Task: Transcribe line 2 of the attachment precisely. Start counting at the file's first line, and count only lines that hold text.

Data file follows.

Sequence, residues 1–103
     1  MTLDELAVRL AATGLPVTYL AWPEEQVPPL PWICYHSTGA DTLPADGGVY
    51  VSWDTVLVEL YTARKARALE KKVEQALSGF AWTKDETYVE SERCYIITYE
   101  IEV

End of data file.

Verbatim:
     1  MTLDELAVRL AATGLPVTYL AWPEEQVPPL PWICYHSTGA DTLPADGGVY